There were no sunflowers or starry night skies at this exhibit; but rather many other brightly painted still-life and landscape paintings, and drawings, we have never seen before.  It's an amazing show.  

     Vincent wrote to his brother, Theo, that he had no money to pay for models, so he painted things that were free.


     The three bedroom paintings are hung together so you can compare them.

     I love these shoes.  They are said to be his.

     This is one of his latter self-portraits.  He looks more gaunt here.  His (self-) injured ear is on the other side.  


     This is one of his last paintings before he died of a gun shot wound...probably self-inflicted.  It's said that the whole town came to say good-bye to him, even though the folks didn't know him well.  He was gentle and kind, despite his struggle with mental health illness.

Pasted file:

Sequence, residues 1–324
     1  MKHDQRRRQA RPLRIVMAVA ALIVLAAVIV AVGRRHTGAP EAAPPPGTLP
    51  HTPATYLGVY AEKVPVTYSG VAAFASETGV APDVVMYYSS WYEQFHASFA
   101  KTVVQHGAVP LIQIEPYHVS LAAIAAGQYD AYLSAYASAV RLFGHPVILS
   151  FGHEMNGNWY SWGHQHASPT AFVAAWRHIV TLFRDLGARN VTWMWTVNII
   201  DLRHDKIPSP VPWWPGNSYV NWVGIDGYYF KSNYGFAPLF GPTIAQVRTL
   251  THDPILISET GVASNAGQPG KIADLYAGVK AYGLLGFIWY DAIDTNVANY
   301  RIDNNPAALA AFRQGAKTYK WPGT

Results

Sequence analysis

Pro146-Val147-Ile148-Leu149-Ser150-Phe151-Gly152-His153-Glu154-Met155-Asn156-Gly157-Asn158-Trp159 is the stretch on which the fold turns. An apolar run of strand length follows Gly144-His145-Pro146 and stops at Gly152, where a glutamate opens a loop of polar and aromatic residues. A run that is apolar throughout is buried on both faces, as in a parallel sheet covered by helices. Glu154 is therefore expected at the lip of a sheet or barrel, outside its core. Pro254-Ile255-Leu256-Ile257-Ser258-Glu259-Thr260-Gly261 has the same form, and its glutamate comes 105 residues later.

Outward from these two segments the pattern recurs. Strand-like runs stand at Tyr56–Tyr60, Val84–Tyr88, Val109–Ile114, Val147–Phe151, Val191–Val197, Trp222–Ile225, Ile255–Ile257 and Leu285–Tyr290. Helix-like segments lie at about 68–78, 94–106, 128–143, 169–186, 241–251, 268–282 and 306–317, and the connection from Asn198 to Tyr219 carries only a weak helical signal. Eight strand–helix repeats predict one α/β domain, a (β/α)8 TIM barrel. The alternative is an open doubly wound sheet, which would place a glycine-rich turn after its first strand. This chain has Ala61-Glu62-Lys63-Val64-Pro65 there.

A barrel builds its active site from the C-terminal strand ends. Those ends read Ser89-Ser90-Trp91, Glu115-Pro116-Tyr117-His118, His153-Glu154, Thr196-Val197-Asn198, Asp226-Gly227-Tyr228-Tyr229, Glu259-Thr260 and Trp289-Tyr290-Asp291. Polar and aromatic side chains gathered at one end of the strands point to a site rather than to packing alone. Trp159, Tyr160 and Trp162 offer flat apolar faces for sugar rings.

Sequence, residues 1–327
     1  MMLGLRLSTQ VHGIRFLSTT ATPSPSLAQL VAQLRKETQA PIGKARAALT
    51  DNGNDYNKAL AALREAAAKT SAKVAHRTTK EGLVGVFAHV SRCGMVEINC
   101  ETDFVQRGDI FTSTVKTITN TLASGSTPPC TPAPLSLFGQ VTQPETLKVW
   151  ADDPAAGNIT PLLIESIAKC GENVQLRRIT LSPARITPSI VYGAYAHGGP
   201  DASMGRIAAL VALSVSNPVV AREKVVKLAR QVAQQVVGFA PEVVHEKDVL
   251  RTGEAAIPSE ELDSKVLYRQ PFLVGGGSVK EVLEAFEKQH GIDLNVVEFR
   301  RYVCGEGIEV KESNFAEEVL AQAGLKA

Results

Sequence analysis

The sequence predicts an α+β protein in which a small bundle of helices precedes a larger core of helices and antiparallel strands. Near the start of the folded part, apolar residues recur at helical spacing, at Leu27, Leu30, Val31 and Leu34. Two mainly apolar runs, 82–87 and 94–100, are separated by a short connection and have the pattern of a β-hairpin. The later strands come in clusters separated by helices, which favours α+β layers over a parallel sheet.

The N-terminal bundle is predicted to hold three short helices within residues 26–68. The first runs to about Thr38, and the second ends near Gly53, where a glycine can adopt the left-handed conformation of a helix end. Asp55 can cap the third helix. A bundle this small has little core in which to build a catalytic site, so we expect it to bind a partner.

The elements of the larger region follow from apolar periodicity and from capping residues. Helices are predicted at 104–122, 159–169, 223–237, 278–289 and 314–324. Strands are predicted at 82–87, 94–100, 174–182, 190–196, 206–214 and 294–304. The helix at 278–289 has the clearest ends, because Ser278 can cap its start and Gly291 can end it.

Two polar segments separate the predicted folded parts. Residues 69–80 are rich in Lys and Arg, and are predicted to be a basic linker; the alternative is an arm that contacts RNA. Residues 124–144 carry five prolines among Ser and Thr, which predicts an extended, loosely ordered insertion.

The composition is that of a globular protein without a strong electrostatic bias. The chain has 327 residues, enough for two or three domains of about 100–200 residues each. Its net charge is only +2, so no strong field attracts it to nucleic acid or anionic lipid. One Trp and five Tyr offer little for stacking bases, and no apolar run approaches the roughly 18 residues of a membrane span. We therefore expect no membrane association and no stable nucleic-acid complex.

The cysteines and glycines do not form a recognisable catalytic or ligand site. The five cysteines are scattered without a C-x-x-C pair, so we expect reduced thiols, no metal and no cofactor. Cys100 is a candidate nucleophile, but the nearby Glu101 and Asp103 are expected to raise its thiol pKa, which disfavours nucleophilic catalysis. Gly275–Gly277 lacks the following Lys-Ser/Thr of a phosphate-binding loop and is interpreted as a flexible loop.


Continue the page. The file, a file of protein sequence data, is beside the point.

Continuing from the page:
If you've never been to the Art Institute in Chicago, put it on your bucket list.  Tripadvisor ranked it the "BEST MUSEUM IN THE WORLD, 2014."  The Van Gogh's Bedrooms exhibit will be here until May 10, 2016.  (Sadly, those coming to the American Society of Clinical Oncology meeting will miss it.) 

     I'm not sure everyone will understand how I feel about today.  I'm certain my fellow cancer survivors will.  I lived another day...long enough to go to the Art Institute another of my favorite things to do.  Thank you, Xalkori. 

Saturday, January 30, 2016

A Little Less Drama, please.

     All month, I've been trying to find time to write my next blog about how I've been doing, overall.  It was supposed to be my 3rd annual State of the Lunion Address.  Unfortunately, a few things have recently happened that have overridden that plan.